Difficulty: Easy to moderate, depending on ice conditions, wind speed and how much of the pond you choose to explore.
Information: Perch Pond in Old Town is a shallow, 366-acre body of water with an undeveloped shoreline and adjacent wetlands. It has long been a place for canoeing and kayaking, fishing and ice skating.
The pond is accessible from Sewell Park, which was donated to the people of Old Town in 1963 by the children of James Wingate and Louise Gray Sewall, in their memory. The city-owned park now features a picnic area with drinking water access, field, parking lot, outhouse and boat launch.
On Old Town’s official website, Sewell Park is described as the city’s “hidden gem.”
Perch Pond — also known as Mud Pond (of which there are several in the state of Maine) — has a mean depth of 5 feet and a maximum depth of 12 feet, according to Lake Stewards of Maine, a nonprofit organization that monitors lake health throughout the state.
Because Perch Pond is shallow, it typically freezes over before large, deepwater lakes nearby, making it an early ice fishing and ice skating spot in the area. Information about ice thickness safety can be found on the Maine Department of Inland Fisheries and Wildlife website at maine.gov/ifw/.
The 841-acre Perch Pond Woodlot, owned and managed by the University of Maine, ecompasses nearly half the pond, wrapping around its east and south shore. Sewell Park is a block of land just to the west of the woodlot’s boundary, on the south end of the pond. The rest of the pond is hemmed in by wetlands. As a result, no buildings are located on the shore of the pond, which measures over 3.5 miles.
A warm water fishery, Perch Pond is home to white and yellow perch, as well as brook trout.
For more information, visit old-town.org or call 207-827-3965.
Personal note: You need just the right conditions to skate on wild ice. Your chosen pond or lake needs to be clear of snow, but it also needs to have a solid layer of ice on its surface. And preferably, that ice is smooth. In Maine, this only happens every once in a while, and when it does, I try to embrace it. So on Jan. 29 — a few days after a warm front melted away most of the snow near my home — I unearthed my ice skates and visited Perch Pond in Old Town.
A fellow BDN writer, John Holyoke, suggested Perch Pond to me because it’s shallow, which means the ice tends to freeze and accumulate faster than the many deep lakes in the region. When ice skating, my top priority is always ice safety.
To further minimize risk (and increase the fun), I invited my husband, Derek. Skating, like many outdoor activities, is always safer with a companion. We carried ice picks, which are hand-held safety devices you can use to pull yourself out of the water if you fall through the ice. We also carried a rope.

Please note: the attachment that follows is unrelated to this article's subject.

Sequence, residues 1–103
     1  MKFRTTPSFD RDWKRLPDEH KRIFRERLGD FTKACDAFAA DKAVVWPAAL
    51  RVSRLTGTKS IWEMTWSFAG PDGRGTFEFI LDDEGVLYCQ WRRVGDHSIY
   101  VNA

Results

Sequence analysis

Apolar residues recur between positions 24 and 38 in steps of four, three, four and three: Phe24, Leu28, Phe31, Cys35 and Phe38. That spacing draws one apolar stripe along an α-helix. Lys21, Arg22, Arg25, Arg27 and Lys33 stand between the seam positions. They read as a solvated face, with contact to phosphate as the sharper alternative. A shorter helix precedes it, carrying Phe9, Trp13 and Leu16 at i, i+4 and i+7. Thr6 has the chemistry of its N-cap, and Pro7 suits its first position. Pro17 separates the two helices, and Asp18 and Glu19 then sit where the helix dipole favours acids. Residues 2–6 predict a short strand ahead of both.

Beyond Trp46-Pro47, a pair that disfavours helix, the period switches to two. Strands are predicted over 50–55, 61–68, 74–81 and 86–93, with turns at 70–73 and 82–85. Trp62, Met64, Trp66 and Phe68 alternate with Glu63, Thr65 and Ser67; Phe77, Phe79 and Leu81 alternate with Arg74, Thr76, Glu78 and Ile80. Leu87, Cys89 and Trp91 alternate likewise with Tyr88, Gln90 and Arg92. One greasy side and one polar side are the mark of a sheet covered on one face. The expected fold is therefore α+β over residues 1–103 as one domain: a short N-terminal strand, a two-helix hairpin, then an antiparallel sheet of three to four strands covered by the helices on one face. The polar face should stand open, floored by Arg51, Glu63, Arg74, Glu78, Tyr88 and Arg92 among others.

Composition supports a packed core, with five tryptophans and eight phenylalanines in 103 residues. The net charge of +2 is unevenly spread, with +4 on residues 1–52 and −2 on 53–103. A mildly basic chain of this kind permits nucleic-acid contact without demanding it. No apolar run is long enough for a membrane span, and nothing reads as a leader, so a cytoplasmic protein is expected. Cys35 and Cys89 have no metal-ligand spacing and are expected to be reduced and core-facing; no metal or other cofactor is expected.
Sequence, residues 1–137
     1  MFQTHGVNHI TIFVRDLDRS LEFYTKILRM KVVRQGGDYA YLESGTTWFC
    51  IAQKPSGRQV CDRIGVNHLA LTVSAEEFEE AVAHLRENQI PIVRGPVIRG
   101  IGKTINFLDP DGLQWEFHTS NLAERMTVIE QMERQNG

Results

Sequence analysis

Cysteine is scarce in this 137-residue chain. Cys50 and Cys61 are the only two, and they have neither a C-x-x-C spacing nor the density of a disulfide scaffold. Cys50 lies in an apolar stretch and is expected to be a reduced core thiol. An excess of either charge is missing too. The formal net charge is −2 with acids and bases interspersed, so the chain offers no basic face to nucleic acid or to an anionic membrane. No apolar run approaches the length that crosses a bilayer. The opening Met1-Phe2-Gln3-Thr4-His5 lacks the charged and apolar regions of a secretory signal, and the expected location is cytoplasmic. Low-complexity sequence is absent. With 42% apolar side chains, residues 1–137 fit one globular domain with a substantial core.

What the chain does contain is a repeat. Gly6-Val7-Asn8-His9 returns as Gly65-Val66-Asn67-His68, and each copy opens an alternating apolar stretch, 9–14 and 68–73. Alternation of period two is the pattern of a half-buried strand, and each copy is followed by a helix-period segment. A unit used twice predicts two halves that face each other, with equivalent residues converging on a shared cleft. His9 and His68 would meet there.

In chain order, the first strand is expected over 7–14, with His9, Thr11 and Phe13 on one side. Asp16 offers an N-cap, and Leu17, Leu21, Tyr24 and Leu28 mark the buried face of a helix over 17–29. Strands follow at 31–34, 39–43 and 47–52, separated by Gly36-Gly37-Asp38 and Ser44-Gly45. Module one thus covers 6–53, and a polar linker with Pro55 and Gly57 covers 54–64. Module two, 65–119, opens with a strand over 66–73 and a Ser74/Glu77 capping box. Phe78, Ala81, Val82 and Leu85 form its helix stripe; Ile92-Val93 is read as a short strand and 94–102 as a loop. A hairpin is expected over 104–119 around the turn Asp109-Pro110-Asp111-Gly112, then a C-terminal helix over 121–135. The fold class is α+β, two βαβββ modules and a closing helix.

On the way to Perch Pond, we stopped by Gunn’s Sport Shop in Brewer, to get our skates sharpened. While there, we chatted with the owner, Rick Gunn, who informed us that most ice skates aren’t sold with sharpened blades. So Derek and I had been skating on unsharpened skates. Oops.
The wind was whipping through the plowed parking area in Sewall Park when we arrived. We were a little nervous about fighting the cold wind on skates. The high temperature that day was predicted at 26 degrees Fahrenheit. But we were committed to giving it a try.
“I thought I was crazy for being out here today,” a friendly ice fisherman said to us as we approached the ice, skates in hand. His yellow Labrador gave us a sniff. We laughed and wished him luck. He planned to set a few ice traps not far from shore, then sit in the warm cab of his truck, watching for a flag to rise.
Walking carefully on the ice along the edge of the pond, we entered a sheltered cove swapped our boots for skates. Just a few minutes into our adventure, I leaned back too far and my feet flew up in front of me. I landed flat on my back, banging my elbow in the process. It hurt, but not enough to ruin the day. Later, John suggested I wear a helmet when skating. It’s not a bad idea. I do seem to be accident-prone.
Leaving the cove, we skated into the wind, passing a few ice anglers and a half-melted, one-armed snowman on our way to the northwest end of the pond. We hugged the shore. In one spot, we explored natural paths of ice through low-lying brush. There we discovered a mound of sticks that must have been a muskrat or beaver lodge.
At the northwest end, we were careful not to skate too close to the mouth of the stream there. The ice is often weak near flowing water. We then turned toward the sun and let the wind push us back to Sewell Park. That’s the way to do it. Fight the wind in the beginning, then enjoy a nice, easy “sail” back.
How to get there: Take Interstate 95 Exit 193 to Stillwater Avenue in Old Town. Drive north on Stillwater Avenue for about 0.4 mile, then turn left onto Bennoch Road. Drive 0.6 mile, then turn left onto Kirkland Road. Drive 1.8 miles, passing under the interstate along the way, then turn left onto Poplar Street (heading toward Pushaw Lake). Drive 3.5 miles and the entrance to Sewell Park will be on your right, marked with a green sign. A narrow road forms a U-shape through the park, with a few side roads branching off to provide access to the lake with small parking areas.
For more of Aislinn Sarnacki’s adventures, visit bangordailynews.com/act-out. Follow Aislinn Sarnacki on Twitter: @1minhikegirl, and Instagram: @actoutdoors. Her guidebooks “Family Friendly Hikes in Maine,” “Maine Hikes Off the Beaten Path” and “Dog-Friendly Hikes in Maine” are available at local bookstores and wherever books are sold.
The name of Sewall Park was misspelled in a previous version of this story.